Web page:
Louisiana's state school board has jumped into a lawsuit against Gov. Bobby Jindal that accuses the governor of illegally meddling in education policy through his efforts to block Common Core education standards.
Here's how one nationally recognized conservative political pundit reacted upon hearing the news Monday that the U.S. Chamber of Commerce was leaning toward an endorsement of Louisiana’s lone Democrat senator.
With the qualifying deadline for Lafayette Parish School Board elections quickly approaching, a series of candidate forums have been announced by the Lafayette Parish Public Education Stakeholders Council.
The investigation and potential prosecution of the man charged in the recent hit-and-run death of a Youngsville cyclist won’t happen overnight, according to local law enforcement officials.
Louisiana's state school board is holding a special meeting to consider whether to sue Gov. Bobby Jindal in an ongoing dispute over the Common Core education standards.
A bipartisan congressional deal to help improve veterans' health care access includes approval for new veterans clinics in Lafayette and Lake Charles.
Tuesday's Blogs from the Bog!
Critic says Sharknado 2 even better; North Korea offers summer camp; Russia accused of nuclear violations and more national and international news for Tuesday, July 29, 2014.
It wouldn’t be a first, however, as the Chamber has thrown money behind Landrieu before.
The Democratic incumbent, seeking her fourth term in office, is a strong supporter of the Export-Import Bank, which helps finance exports of U.S. companies.
The world is a politically tense place these days with hot spots ranging from the Middle East to Ukraine. In Louisiana and Mississippi, where the political chessboard tends to be a lot less threatening and at times entertaining, this election season is living up to expectations.
Louisiana has joined nine other states in support of Indiana’s appeal of a federal judge’s ruling that the Hoosier State’s ban on sam-sex marriage violates the Constitution.
The Saints are being cautious in an effort to minimize risk of re-injury.
LSU Health Sciences Center says people with a common, hard-to-treat kind of lung cancer can join a new national trial to test drugs faster.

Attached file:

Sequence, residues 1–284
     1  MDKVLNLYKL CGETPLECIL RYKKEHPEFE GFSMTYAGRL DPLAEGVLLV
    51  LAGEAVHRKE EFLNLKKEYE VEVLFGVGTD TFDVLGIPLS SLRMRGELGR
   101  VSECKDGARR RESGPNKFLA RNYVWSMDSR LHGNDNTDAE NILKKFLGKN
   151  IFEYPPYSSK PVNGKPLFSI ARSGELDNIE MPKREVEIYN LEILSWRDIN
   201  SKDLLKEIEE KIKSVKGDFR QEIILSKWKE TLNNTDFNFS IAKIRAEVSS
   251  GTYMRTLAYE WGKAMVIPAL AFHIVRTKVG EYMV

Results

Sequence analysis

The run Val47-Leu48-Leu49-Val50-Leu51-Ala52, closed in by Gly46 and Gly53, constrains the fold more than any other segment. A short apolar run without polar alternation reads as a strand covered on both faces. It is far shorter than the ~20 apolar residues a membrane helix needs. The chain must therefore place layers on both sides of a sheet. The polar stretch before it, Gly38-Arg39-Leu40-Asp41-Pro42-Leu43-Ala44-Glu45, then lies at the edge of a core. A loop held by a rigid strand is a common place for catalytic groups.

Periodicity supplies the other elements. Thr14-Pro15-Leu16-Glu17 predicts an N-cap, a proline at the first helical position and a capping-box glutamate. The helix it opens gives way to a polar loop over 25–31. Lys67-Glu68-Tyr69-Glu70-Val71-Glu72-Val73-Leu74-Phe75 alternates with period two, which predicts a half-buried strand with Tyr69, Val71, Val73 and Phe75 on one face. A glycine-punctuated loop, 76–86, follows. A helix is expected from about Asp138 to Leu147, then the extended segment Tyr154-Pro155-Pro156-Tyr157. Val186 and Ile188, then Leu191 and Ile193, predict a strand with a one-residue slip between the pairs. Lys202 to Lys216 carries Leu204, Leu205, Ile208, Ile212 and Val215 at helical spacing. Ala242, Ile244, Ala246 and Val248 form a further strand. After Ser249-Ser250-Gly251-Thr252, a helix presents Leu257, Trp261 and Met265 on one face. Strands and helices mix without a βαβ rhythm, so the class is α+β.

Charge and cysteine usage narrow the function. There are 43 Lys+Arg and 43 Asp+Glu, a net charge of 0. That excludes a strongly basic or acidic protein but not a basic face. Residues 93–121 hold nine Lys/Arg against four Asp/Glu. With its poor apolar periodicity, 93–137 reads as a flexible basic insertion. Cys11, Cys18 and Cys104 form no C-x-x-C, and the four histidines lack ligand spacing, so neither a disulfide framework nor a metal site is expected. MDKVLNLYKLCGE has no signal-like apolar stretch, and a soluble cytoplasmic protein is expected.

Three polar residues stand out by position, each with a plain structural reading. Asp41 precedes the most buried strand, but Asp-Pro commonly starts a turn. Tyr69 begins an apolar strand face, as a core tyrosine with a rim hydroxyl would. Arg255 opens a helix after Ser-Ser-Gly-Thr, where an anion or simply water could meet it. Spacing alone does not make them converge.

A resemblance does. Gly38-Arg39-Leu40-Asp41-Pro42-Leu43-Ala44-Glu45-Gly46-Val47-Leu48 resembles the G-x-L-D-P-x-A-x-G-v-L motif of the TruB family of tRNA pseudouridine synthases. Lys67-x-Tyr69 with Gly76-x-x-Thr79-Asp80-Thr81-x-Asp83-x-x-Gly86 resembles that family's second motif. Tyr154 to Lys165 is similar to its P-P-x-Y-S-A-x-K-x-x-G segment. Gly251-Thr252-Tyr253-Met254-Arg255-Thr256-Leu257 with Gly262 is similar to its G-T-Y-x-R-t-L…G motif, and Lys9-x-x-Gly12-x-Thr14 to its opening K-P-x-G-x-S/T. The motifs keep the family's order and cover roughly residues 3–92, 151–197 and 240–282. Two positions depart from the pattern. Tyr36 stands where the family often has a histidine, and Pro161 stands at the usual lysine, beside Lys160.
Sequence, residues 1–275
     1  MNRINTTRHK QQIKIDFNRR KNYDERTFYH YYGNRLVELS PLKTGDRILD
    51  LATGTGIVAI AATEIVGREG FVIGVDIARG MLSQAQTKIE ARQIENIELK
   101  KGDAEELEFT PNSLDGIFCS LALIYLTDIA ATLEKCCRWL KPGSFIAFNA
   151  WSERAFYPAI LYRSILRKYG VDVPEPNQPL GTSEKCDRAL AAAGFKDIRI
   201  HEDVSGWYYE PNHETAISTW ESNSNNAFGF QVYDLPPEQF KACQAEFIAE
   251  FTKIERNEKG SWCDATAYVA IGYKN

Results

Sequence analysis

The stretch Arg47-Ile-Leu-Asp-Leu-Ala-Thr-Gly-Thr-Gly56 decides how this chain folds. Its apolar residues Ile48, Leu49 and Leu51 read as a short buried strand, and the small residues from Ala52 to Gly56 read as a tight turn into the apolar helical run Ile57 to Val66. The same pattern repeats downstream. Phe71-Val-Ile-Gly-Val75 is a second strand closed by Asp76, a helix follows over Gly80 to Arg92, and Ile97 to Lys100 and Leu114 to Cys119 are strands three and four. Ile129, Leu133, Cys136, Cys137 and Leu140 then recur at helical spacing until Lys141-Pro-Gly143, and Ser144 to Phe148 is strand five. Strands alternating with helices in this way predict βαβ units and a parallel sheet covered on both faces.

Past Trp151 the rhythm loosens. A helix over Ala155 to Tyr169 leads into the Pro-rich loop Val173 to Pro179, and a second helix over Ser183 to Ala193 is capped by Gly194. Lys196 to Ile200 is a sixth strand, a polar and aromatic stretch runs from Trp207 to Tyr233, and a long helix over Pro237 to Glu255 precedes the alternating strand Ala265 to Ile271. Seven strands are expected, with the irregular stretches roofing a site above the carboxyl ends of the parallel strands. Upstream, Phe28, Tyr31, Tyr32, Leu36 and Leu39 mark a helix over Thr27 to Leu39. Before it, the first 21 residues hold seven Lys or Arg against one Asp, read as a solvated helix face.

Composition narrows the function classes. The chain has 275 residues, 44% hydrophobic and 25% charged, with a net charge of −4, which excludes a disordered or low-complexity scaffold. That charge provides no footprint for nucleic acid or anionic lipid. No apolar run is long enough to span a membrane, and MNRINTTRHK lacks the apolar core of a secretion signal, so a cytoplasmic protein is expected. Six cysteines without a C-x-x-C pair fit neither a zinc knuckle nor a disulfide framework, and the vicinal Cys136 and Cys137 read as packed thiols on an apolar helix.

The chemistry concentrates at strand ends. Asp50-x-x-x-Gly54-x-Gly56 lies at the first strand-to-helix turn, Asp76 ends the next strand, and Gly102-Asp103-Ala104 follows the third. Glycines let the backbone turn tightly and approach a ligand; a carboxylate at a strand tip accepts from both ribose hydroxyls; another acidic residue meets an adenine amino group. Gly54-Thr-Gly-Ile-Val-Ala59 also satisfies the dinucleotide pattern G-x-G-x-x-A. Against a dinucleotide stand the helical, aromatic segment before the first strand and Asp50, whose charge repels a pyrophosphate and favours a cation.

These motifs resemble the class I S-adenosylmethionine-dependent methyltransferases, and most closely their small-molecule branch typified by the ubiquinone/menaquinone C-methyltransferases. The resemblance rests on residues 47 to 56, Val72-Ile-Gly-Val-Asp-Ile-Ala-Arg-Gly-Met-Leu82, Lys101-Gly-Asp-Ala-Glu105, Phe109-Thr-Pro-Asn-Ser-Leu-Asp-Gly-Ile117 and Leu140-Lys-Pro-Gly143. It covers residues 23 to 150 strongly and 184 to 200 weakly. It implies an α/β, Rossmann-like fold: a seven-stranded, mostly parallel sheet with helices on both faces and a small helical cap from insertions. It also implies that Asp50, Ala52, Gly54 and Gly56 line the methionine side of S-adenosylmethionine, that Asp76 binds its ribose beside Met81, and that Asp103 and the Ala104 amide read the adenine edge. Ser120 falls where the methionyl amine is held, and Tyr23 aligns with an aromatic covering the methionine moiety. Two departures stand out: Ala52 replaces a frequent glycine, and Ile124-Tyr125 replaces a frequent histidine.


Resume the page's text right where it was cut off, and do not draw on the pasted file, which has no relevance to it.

As New Orleans Saints coach Sean Payton and general manager Mickey Loomis spoke about the opening of training camp, steep, tree-covered mountains were in full view behind them.
The family of fallen cyclist Lon Lomas is speaking out after the release this week of the man charged with his death.
"The solutions are obvious: undo consolidation, or amend the charter to make this hybrid attempt at a new form of government work better."
The Board of Elementary and Secondary Education is considering whether to get involved in a lawsuit against Gov. Bobby Jindal for his attempts to undermine use of the Common Core education standards in Louisiana's public schools.
The latest meeting of a south Louisiana flood board that stirred political turmoil with a lawsuit against the oil and gas industry is taking place amid uncertainty over the future of the lawsuit — and the board's own membership.
The photos taken nearly a mile under the Gulf of Mexico are so clear that small holes are visible in a lifeboat that may have gone down or been scuttled when a passenger ship was sunk by a Nazi submarine in 1942.
Advocate columnist and Jindal shill Quin Hillyer has been against the New Orleans levee board lawsuit from day one, but a recent piece targeting author/activist John Barry prompted the perfect rebuttal from the board’s former vice-president, who takes Hillyer to task on just about every distorted claim he’s made on the issue.
Thousands of people who bought health insurance through the marketplace created by the federal health care overhaul face price hikes next year that could top 10 percent.
Louisiana fell one spot in an annual national ranking of child well-being that looks at poverty, education and health access.
A federal judge has decided he doesn't need to hear more arguments in the case of a gay couple who want a Louisiana marriage license.